Honest and painful. Readers inclined to lament their own circumstances may brighten up when considering the odds Ollison has...

SOUL SERENADE

RHYTHM, BLUES & COMING OF AGE THROUGH VINYL

An elegiac look at a childhood marked by violence, dysfunction, poverty, sorrow—and plenty of good music.

Little Rock native Ollison, former Baltimore Sun pop critic and now a writer for the Virginian-Pilot, opens this memoir with a horrific incident that unfolds like a Greek tragedy, its sad climax the death by bullet of a tiny young sibling, “bow lips parted and baby-doll eyes flung open,” in the arms of the girl who would become his mother. Unhappy memory builds on unhappy memory: there is the brief, shining courtship, then a father who will disappear and appear and disappear again, “often in the streets when he wasn’t nodding off at home or having nightmares that made him scream and jump in bed,” along with a mother who finds no need to express love as long as she puts food on the table, a scary grandmother whose face bore “its usual fuck-you expression,” and a community of children inclined to bewilderment in the face of all that adult confusion. Much of Ollison’s memoir, reminiscent at many turns of Claude Brown’s classic Manchild in the Promised Land (1965), turns on the quest for identity: when his schoolmates shout “faggot,” there’s more at play than they might have realized. But more, what shapes identity and offers hope and even love are the records that Ollison spins, left behind by his father and picked up along the way: Marvin Gaye, Aretha Franklin, Tyrone Davis, Stevie Wonder, and, of more recent vintage, Mary J. Blige (“the wounded warrior voice of my generation”). So powerful are Ollison’s responses to music that readers might wish that he addressed the matter in more circumstantial detail, if at least for dramatic relief from his descriptions of passing events that are often ponderously awful.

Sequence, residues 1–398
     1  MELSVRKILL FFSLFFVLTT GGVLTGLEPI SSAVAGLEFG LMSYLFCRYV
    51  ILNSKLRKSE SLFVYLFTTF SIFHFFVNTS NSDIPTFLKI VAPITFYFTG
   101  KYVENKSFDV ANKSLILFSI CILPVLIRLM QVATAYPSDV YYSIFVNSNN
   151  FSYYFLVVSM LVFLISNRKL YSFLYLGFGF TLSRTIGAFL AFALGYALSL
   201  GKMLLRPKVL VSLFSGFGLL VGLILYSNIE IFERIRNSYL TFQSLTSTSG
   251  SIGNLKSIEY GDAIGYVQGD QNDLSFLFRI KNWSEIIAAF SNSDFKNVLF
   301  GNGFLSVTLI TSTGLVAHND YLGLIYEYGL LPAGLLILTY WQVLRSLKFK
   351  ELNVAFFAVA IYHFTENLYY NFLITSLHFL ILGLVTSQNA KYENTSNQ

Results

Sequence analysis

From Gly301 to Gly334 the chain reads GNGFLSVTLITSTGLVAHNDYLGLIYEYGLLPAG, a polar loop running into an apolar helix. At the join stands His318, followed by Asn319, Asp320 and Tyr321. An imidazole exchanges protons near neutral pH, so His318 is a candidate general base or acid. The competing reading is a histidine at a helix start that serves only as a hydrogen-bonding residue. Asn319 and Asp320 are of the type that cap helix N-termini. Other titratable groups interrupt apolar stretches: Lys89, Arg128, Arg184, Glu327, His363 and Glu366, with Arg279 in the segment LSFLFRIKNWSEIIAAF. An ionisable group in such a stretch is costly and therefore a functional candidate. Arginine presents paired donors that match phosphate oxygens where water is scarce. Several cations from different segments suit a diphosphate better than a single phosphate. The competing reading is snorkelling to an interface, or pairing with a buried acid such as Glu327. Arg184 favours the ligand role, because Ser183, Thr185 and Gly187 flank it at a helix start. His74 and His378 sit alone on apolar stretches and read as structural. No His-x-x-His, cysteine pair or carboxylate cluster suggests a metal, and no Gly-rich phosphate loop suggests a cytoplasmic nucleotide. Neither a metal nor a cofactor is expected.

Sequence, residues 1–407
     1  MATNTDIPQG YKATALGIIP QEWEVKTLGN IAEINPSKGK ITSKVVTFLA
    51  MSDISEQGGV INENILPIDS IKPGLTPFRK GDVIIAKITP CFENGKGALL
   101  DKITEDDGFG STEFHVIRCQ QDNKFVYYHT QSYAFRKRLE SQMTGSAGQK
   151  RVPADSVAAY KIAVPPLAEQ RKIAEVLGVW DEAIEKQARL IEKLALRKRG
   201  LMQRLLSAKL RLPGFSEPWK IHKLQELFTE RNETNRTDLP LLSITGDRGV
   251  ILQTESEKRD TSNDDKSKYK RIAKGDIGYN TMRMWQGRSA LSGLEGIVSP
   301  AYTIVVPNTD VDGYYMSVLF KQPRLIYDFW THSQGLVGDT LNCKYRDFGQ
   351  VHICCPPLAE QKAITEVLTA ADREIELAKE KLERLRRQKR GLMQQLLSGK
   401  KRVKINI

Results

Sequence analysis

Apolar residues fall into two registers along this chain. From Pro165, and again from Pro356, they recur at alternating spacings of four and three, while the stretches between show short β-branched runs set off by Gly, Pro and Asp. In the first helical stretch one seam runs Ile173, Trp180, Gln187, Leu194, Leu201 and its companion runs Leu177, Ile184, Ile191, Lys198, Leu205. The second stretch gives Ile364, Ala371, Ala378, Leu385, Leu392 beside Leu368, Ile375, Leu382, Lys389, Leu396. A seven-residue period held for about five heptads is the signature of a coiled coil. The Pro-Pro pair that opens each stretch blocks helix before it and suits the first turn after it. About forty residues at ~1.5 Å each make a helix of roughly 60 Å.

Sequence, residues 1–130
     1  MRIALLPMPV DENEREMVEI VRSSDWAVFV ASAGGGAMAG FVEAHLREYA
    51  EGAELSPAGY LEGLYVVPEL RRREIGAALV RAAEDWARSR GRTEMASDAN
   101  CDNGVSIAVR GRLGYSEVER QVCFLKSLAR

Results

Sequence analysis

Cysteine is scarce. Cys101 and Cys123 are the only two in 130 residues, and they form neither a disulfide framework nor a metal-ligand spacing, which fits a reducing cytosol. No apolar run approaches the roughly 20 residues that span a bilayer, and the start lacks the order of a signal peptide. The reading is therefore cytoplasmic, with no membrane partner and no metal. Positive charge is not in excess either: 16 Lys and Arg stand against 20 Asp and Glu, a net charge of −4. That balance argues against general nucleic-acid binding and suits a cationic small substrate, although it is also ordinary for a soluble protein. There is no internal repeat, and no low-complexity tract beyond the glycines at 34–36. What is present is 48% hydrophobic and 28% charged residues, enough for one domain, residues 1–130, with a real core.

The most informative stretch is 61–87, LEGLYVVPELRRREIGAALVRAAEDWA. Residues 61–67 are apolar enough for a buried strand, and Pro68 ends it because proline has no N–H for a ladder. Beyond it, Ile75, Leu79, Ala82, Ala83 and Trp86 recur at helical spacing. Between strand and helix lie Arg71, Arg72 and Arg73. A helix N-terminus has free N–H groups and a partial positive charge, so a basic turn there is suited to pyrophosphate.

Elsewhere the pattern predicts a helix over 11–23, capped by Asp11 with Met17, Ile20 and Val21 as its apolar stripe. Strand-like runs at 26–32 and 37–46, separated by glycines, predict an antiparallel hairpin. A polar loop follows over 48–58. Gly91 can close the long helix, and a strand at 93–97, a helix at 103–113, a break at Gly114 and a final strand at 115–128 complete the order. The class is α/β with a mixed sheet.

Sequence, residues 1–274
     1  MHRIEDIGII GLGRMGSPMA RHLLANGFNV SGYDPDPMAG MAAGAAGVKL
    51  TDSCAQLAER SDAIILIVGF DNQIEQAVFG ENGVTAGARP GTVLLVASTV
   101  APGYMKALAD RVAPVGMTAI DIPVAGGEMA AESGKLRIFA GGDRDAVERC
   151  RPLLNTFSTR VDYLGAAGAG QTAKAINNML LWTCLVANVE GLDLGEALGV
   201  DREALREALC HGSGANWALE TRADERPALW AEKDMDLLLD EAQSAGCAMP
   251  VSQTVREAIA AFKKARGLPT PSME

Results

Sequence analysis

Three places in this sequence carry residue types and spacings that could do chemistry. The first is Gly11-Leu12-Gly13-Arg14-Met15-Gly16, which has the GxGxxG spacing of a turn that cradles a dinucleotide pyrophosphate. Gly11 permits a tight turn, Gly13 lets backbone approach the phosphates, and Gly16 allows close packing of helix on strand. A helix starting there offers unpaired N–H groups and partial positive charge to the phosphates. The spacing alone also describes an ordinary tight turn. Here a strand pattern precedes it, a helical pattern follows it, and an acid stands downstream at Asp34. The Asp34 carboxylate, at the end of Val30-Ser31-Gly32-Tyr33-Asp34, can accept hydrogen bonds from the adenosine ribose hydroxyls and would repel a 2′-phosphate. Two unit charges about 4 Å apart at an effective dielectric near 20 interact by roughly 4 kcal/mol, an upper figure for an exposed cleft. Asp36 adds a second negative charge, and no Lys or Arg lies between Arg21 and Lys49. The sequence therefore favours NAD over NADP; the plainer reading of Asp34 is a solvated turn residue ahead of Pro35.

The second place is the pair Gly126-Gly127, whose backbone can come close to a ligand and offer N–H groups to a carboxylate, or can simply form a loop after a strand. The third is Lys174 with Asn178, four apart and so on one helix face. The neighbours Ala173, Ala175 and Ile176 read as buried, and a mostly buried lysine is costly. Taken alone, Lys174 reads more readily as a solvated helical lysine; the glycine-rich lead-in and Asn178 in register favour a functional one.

Honest and painful. Readers inclined to lament their own circumstances may brighten up when considering the odds Ollison has overcome.

Pub Date: Jan. 26, 2016

ISBN: 978-0807057520

Page Count: 240

Publisher: Beacon Press

Review Posted Online: Sept. 15, 2015

Kirkus Reviews Issue: Oct. 1, 2015

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A potent depiction of grief, but also a book lacking the originality and acerbic prose that distinguished Didion’s earlier...

  • Pulitzer Prize Finalist

  • National Book Award Winner

  • National Book Critics Circle Finalist

THE YEAR OF MAGICAL THINKING

A moving record of Didion’s effort to survive the death of her husband and the near-fatal illness of her only daughter.